Webpages useful for teachers of intermediate macroeconomics:
U.S. Monetary Policy
On January 30 the Federal Open Market Committee--the committee of the Federal Reserve that sets interest rates--decided to leave the short-term nominal federal funds interest rate at 1.75%. Three factors drove the Federal Reserve's decision that recovery was on the way, and thus that further interest rate cuts were not needed:
- First, businesses are likely to spend freely to rebuild inventories in the next six months or so because inventories fell by $45 billion in the last six months of 2001.
- Second, there is an enormous boost to spending from cuts in interest rates over the past year that has not yet had a chance to affect businesses' investment spending. A little more than a year ago the short-term interest rate was 6.5%. Now it is only 1.75% per year.
- Third, the federal budget is about to give a big boost to the economy as well: as the federal budget swings into deficit this year, the total net stimulus to the economy from spending increases and tax cuts has the potential to boost output by 4% from this factor alone.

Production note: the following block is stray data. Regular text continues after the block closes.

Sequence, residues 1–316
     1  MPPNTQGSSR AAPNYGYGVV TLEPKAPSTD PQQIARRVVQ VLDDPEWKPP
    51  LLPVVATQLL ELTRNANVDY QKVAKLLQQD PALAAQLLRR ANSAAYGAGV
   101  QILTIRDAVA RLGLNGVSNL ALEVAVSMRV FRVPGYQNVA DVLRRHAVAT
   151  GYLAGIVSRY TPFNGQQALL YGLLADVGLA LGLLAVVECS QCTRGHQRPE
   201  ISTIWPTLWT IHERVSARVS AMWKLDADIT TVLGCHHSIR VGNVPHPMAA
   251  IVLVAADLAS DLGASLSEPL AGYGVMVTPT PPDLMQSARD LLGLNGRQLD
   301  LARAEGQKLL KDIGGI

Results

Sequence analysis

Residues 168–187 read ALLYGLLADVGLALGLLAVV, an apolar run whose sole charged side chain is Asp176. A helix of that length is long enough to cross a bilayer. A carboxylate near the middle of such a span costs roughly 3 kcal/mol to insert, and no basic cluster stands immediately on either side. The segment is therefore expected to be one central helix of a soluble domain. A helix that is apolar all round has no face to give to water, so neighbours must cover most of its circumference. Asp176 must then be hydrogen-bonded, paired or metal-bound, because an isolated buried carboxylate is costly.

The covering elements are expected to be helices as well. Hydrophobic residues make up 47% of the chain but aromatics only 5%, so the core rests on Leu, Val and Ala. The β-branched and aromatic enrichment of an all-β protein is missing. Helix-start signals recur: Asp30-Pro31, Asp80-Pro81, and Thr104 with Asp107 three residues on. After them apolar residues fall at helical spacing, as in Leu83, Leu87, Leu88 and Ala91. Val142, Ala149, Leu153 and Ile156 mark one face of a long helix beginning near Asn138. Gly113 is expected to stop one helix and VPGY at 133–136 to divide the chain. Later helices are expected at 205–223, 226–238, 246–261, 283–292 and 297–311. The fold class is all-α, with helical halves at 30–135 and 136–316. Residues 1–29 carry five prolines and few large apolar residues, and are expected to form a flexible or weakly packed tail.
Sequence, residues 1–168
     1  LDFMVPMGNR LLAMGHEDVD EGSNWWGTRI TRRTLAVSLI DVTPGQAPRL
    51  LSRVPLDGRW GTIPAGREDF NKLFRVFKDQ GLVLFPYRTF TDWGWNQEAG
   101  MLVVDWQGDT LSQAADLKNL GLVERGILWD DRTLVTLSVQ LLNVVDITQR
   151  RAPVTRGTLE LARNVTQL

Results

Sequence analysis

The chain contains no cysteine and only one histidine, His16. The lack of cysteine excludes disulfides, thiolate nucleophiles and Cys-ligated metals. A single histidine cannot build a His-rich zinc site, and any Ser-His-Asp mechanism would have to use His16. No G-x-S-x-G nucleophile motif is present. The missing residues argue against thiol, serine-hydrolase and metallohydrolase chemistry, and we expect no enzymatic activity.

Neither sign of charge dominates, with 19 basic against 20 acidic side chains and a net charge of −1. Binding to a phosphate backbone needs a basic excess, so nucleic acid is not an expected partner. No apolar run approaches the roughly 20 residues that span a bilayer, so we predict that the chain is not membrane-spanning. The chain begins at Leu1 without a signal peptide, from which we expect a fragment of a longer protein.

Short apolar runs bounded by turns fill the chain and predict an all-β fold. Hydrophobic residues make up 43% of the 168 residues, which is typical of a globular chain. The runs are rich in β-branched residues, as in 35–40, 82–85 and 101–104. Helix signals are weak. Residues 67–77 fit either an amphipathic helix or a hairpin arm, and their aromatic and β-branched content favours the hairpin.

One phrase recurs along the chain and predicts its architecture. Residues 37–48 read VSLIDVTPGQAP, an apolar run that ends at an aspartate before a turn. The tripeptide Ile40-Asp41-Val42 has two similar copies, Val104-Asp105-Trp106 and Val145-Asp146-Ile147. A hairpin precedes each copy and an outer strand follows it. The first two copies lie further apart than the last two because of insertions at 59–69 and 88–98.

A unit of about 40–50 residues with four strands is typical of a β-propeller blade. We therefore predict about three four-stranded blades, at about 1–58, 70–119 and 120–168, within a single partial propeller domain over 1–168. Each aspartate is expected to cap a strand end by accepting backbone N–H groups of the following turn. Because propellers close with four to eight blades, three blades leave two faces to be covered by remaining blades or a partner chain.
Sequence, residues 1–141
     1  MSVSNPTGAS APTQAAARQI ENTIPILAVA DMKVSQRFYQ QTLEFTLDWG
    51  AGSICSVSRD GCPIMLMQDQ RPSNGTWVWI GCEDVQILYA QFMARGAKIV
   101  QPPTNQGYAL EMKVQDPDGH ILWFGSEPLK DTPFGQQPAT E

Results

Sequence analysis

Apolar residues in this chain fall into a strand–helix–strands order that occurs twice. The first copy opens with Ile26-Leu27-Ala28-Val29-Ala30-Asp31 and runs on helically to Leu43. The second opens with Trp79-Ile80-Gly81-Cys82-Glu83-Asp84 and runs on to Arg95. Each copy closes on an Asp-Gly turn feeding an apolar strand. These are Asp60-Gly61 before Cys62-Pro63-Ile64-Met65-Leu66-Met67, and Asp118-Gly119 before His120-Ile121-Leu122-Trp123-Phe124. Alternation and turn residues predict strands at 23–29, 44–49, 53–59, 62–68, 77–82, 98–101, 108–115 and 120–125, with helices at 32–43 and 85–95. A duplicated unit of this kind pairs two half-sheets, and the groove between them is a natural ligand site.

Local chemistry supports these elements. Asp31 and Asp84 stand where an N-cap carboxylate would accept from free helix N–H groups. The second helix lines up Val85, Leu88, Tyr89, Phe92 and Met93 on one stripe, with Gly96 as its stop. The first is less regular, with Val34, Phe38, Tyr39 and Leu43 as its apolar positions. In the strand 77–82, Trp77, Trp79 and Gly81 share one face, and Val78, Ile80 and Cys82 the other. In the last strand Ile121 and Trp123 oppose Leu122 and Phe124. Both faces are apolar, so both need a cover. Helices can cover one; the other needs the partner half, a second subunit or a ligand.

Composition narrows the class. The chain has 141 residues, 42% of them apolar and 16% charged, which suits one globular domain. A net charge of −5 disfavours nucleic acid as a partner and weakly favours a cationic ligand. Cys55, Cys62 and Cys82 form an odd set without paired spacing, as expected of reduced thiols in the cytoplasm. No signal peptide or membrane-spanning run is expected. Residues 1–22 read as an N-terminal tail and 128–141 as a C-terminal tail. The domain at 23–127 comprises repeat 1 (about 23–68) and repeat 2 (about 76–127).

2001-01-28: GDP in 2000 and 2001 (Chapter 13: Stabilization Policy. Chapter 2: Economic Data)
2001-01-21: The Course of the U.S. Recession (Chapter 13: Stabilization Policy)
2001-01-07: Argentina's Crisis (Chapter 15: Exchange Rate Regimes)
2001-12-10: The U.S. Recession (Chapter 2: Principal Macroeconomic Variables)
2001-12-03: The Overvalued Euro (Chapter 3: Exchange Rates; Chapter 15: Exchange Rate Regimes)
2001-11-26: Net Exports, the Exchange Rate, and an IS-Led Boom (Chapter 11: Balance of Payments; Chapter 15: Exchange Rate Regimes)
2001-11-19: The European Central Bank and Its Monetary Policy (Chapter 13: Stabilization Policy)
2001-11-12: Central Banks Worldwide Cut Interest Rates Again (Chapter 13: Stabilization Policy)
2001-11-05: Effects of the Collapse in Spending on Durables (Chapter 9: Income-Expenditure and the Multiplier.)
2001-10-28: What Kind of Stimulus (Chapter 13: Stabilization Policy. Chapter 9: Income-Expenditure and the Multiplier.)
2001-10-21: Federal Reserve Reaction to the Terror Attack on the World Trade Center (Chapter 13: Stabilization Policy. Chapter 10: The IS Curve.)
2001-10-14: Why a Stimulus Package Might Be Desireable (Chapter 13: Stabilization Policy. Chapter 10: The IS Curve.)
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